Bolsonaro threatens to interfere in Petrobras

. Feb 19, 2021
petrobras bolsonaro interference Petrobras distribution center in Brasília. Photo: Marcello Casal Jr/ABr

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Today, Bolsonaro moves to interfere in Petrobras. The mega-investment by SoftBank in Brazilian education services. Brazil reaches 10 million cases as the country runs out of vaccines.

“Something’s going to happen in Petrobras”

In his regular Thursday live broadcast on social media, Jair Bolsonaro took multiple jabs at the leadership of Brazil’s state-controlled oil and gas firm Petrobras.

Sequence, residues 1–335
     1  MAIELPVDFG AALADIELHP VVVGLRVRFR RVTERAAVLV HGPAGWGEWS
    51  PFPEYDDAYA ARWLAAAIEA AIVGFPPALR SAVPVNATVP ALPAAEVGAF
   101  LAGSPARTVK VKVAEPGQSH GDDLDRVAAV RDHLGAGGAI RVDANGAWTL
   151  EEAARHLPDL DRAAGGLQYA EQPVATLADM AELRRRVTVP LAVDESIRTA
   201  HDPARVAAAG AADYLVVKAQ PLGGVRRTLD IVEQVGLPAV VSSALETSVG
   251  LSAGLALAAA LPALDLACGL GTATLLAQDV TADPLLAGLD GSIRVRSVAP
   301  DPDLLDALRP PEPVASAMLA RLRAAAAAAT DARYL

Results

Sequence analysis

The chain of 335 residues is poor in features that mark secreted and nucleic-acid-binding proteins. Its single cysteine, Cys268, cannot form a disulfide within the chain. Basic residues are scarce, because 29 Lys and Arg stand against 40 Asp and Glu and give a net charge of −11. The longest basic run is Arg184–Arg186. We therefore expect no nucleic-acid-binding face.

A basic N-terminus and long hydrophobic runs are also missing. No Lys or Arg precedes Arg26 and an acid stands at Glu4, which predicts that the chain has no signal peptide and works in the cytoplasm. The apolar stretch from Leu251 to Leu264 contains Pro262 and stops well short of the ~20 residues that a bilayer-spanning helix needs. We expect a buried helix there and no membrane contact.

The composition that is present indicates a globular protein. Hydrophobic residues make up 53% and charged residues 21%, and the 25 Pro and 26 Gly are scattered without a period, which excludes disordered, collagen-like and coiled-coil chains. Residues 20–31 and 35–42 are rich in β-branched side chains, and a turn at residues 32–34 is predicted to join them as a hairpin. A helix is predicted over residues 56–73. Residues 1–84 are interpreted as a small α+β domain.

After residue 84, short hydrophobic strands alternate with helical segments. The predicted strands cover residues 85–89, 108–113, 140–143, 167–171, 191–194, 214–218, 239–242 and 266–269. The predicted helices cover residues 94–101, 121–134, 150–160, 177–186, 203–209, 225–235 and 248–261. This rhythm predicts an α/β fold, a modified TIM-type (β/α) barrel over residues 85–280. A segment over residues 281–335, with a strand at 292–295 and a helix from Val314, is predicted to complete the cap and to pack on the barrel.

The president showed himself to be particularly bothered by a recent bump in fuel prices — the fourth increase this year — and recent remarks from Petrobras CEO Roberto Castello Branco, who said that a potential new truckers&#8217; strike is not the company&#8217;s problem. Truck drivers are protesting against high diesel prices, among other things.</p> <ul><li>After saying he &#8220;cannot nor would&#8221; <a href="https://brazilian.report/newsletters/brazil-daily/2019/04/12/tbr-daily-briefing-april-12-2019-newsletter-about-brazil/">interfere</a> with Petrobras&#8217; pricing policy, Mr. Bolsonaro added that &#8220;something&#8217;s going to happen in Petrobras in the next few days.&#8221; He mentioned that Mr. Castello Branco&#8217;s words will be met with &#8220;consequences, obviously.&#8221;</li><li>The president also announced he would scrap federal taxes on diesel for two months and gas &#8220;for good,&#8221; in a move coordinated with Economy Minister Paulo Guedes. The president, however, failed to outline the effect his decision would have on the budget.</li></ul> <p><strong>What is behind.</strong> Jair Bolsonaro supported the 11-day truckers&#8217; strike in 2018, which <a href="https://brazilian.report/business/2018/05/24/truckers-protests-crisis-petrobras-ceo/">halted the economy</a> and caused billion-dollar losses. Since then, truck drivers have become an important constituency for the president. Workers are once again disgruntled and staged a <a href="https://brazilian.report/power/2021/02/02/why-brazils-latest-truckers-strike-was-a-massive-flop/">failed national strike on February 1</a>. The president fears that another increase in diesel prices — up 28 percent already this year — could unite truckers against the government.</p> <p><strong>Why it matters.</strong> Investors fear that Mr. Bolsonaro&#8217;s cryptic warning is a hint toward the potential firing of Roberto Castello Branco as Petrobras CEO. That would spark mistrust in the government&#8217;s <a href="https://brazilian.report/business/2018/05/28/petrobras-oil-prices-brazil/">commitment to the company&#8217;s recovery</a> and scare off potential suitors for the assets the firm is planning to sell.</p> <ul><li>In an <a href="https://valor.globo.com/brasil/noticia/2021/02/18/pessoa-com-poder-nao-pode-ficar-vociferando-coisas-assim-diz-conselheiro-da-petrobras-sobre-live-de-bolsonaro.ghtml">interview</a> with finance newspaper Valor, one board member said the president&#8217;s remarks are &#8220;the last straw.&#8221; Marcelo Mesquita, who represents minority shareholders, said &#8220;it won&#8217;t be easy to find people with unblemished reputations willing to do the wrong thing [and accept government interference in fuel pricing].&#8221;</li></ul> <p><strong>Risks.</strong> Government tampering with the inner workings of Petrobras may expose the company to class-action lawsuits from international investors. Recent corruption scandals led to a 2019 <a href="http://www.petrobrassecuritieslitigation.com/">USD 3-billion settlement</a> with shareholders who accused leadership of deliberately not acting in their best interest.</p> <p><strong>Market.</strong> One should expect high volatility from Petrobras shares today.</p> <hr class="wp-block-separator"/> <h2>SoftBank makes another massive investment in Brazil</h2> <p>Earlier this year, Asian mega investment conglomerate SoftBank announced it intended to <a href="https://brazilian.report/tech/2019/08/02/softbank-uber-banco-inter-investments/">pour</a> USD 1 billion into Latin America in 2021. The first move happened on Thursday, as SoftBank led a group of investors who put USD 83 million into Brazilian test-prep startup Descomplica.</p> <ul><li>Along with Softbank, other investors included Invus Group, the Chan Zuckerberg initiative, and U2 guitarist The Edge.</li></ul> <p><strong>Why it matters.</strong> This is the biggest investment in the history of Brazilian education startups. The sector has been hit hard by the pandemic, with dozens of millions of students left unattended as in-person classes were suspended. Many of these so-called &#8220;ed techs&#8221; propose to fill that gap.</p> <p><strong>What is Descomplica?</strong> Founded in 2011, Descomplica proposed to help students prepare for university entrance exams and competitive civil-service examinations, breaking down content with videos that are easy to consume.&nbsp;</p> <ul><li>Last year, the company launched undergraduate courses and saw a pandemic-led boost in total monthly users, now hitting around 5 million. Descomplica claims to hold 80 percent of the market for online <a href="https://brazilian.report/society/2018/11/05/2018-enem-exam/">prepearation for Enem</a>, the national university entrance exam — used by most universities in Brazil.</li></ul> <p><strong>Where will the money go? </strong>Descomplica plans on making acquisitions, hiring more IT experts, and developing new products, including 33 new courses by 2022.&nbsp;</p> <ul><li>“We want to create the biggest university in Brazil, quickly reaching 1 million students with a 100-percent digital model,” says founder Marco Fisbhen.</li></ul> <hr class="wp-block-separator"/> <h2>Brazil hits 10 million cases</h2> <p>On Thursday, Brazil became just the third nation to reach the unwelcome milestone of 10 million confirmed coronavirus infections. The country also records almost 244,000 deaths, the world&#8217;s second-highest total.</p> <div class="flourish-embed flourish-chart" data-src="visualisation/5338888"><script src="https://public.flourish.studio/resources/embed.js"></script></div> <p><strong>Why it matters.</strong> Data shows that the coronavirus is spreading faster with the emergence of new variants — and this acceleration comes as the rollout of vaccines has <a href="https://brazilian.report/coronavirus-brazil-live-blog/2021/02/15/lacking-doses-rio-de-janeiro-suspends-vaccination/">stuttered</a> in multiple parts of the country. At least nine state capitals are running out (or have already run out) of vaccine jabs.</p> <p><strong>Shortages. </strong>Health Minister Eduardo Pazuello had promised governors that 230 million new doses will be distributed by the end of July. But the government says it will have to re-evaluate its plan due to delays in production caused by a <a href="https://brazilian.report/podcast/2021/02/10/explaining-brazil-podcast-trading-5g-for-coronavirus-vaccines/">lack of inputs from China</a>.</p> <ul><li>Congress is laying the groundwork to allow private companies to purchase vaccines ahead of the government, under two conditions: (1) companies must donate half of their purchases to the public health network; (2) vaccination order must obey the government&#8217;s priority list of at-risk populations.&nbsp;</li></ul> <p><strong>Anti-vax.</strong> President Jair Bolsonaro continued his <a href="https://brazilian.report/coronavirus-brazil-live-blog/2020/09/01/bolsonaro-no-one-can-force-anyone-to-get-a-vaccine/">crusade against the Chinese-made CoronaVac</a> — which represents the bulk of vaccines distributed in Brazil. His 93-year-old mother was inoculated last week, and the president declared she received the AstraZeneca vaccine, but that health officials lied to make it look as if she had been administered the CoronaVac — which Mr. Bolsonaro said he would never take himself.</p> <iframe src="https://open.spotify.com/embed-podcast/episode/7dNbvGFz79lnEiVMsFtqOU" width="100%" height="232" frameborder="0" allowtransparency="true" allow="encrypted-media"></iframe> <hr class="wp-block-separator"/> <h2>What else you need to know today</h2> <ul><li><strong>Congress. </strong>In a sitting scheduled for 5 pm, the lower house will decide whether to uphold the Supreme Court&#8217;s arrest of Congressman Daniel Silveira. The lawmaker published a video online verbally threatening members of the Supreme Court and advocating anti-democratic measures. While <a href="https://brazilian.report/power/2021/02/18/legal-scholars-split-over-legality-of-pro-bolsonaro-lawmaker-arrest/">legal scholars are split</a> on the legality of the arrest, Congress leans towards abandoning Mr. Silveira to avoid conflict with the Supreme Court (where dozens of lawmakers are set to face prosecution) and prevent delays to the government&#8217;s economic agenda.</li><li><strong>Telecommunications.</strong> The Supreme Court ruled in favor of allowing telephony and internet companies to install cables in public places without paying fees to municipalities. The court <a href="https://www.poder360.com.br/brasil/operadoras-de-telefonia-podem-passar-cabeamento-em-locais-publicos-sem-pagar/">states</a> that it is in public interest to facilitate the implementation of telecommunication services as a way of democratizing access to technology.</li><li><strong>Stimulus. </strong>The government reportedly wants to inject BRL 57 billion (USD 10.5 billion) into the economy by advancing bonuses for pensioners and retired workers. The move would have no impact on the <a href="https://brazilian.report/newsletters/brazil-daily/2021/02/18/brazil-economy-toward-yet-another-technical-recession/">fiscal situation</a> — as it would consist purely of a change to the payment timetable — but it could buy Congress some time to agree on a new cash-transfer program. On Thursday, the Senate&#8217;s minority leader said lawmakers will <a href="https://brazilian.report/coronavirus-brazil-live-blog/2021/02/18/new-financial-financial-aid-program-could-be-voted-on-next-week/">focus on the economic agenda next week</a>. </li><li><strong>Census.</strong> The Brazilian Institute of Geography and Statistics (IBGE) has opened 204,000 temporary work positions — the first step toward organizing the 2021 Census. The survey was scheduled to take place last year, but was <a href="https://brazilian.report/power/2018/11/25/brazil-census-statistical-blackout/">postponed</a> due to the pandemic. Census takers will visit all Brazilian municipalities between August and October. Held every 10 years, the Brazilian census is <a href="https://brazilian.report/podcast/2019/05/22/brazil-2020-census-controversy/">crucial for policymaking</a>. The data obtained from the nationwide count is used for decisions on anything from school funding, vaccine policies, to electoral districting.